The piece that you linked to was simply copied from GizMag. (They did so with credit, as if that makes it okay.) It looks like volumatrixgroup.com is one of those sites that uses stolen blog posts to get hits for ads.
The technology itself is a scam under a thin veneer of science. Their “20W” figure is about three orders of magnitude too high, for one thing. That figure describes all of the energy losses in walking, including the energy losses inside muscles and joints and the energy that goes into warming the surface under the shoe. The part that goes into the shoe itself is probably somewhere around 5% to 15% of that, or 3W at most for both shoes. You’ve probably heard of the Carnot efficiency limit, which shows that small differences in temperature are very difficult to use as a source of power. Near body temperature, each degree of difference allows about 0.35% of conversion efficiency, so the tiny amounts of thermal energy they’re proposing to convert, which normally cause your shoes to be a few degrees warmer than they’d otherwise be, can be converted to electricity at a maximum theoretical efficiency of maybe one or two percent. Much less, of course, after being processed by any real mechanism.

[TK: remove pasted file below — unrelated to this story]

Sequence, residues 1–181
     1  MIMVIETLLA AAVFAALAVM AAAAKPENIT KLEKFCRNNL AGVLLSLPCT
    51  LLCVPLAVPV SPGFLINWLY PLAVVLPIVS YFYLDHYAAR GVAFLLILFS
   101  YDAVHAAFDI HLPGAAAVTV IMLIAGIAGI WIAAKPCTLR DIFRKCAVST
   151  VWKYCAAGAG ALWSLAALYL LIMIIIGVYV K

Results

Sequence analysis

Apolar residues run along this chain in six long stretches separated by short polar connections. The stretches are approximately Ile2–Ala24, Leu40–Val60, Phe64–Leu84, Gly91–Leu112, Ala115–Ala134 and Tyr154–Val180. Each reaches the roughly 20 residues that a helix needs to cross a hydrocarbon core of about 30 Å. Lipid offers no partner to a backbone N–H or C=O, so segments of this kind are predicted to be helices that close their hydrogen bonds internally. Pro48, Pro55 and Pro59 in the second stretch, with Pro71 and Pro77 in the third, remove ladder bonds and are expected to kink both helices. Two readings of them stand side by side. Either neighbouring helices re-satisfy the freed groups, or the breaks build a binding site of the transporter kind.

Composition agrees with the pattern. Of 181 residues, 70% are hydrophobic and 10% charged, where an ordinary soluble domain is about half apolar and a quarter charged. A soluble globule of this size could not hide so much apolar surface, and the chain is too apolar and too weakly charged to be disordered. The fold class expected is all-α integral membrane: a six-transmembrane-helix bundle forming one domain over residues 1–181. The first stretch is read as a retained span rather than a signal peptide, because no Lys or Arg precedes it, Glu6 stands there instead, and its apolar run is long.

So starting with maybe a few watts of thermal energy going into the shoe, the Carnot efficiency equation defines a limit around 60 mW of theoretical yield, and a good mechanism might produce 20 mW of useful electricity. By comparison, other researchers came up with slightly better numbers in a relatively easy implementation– piezoelectric energy harvesting in the shoulder straps of military backpacks. But it’s still silly. – P.N.G.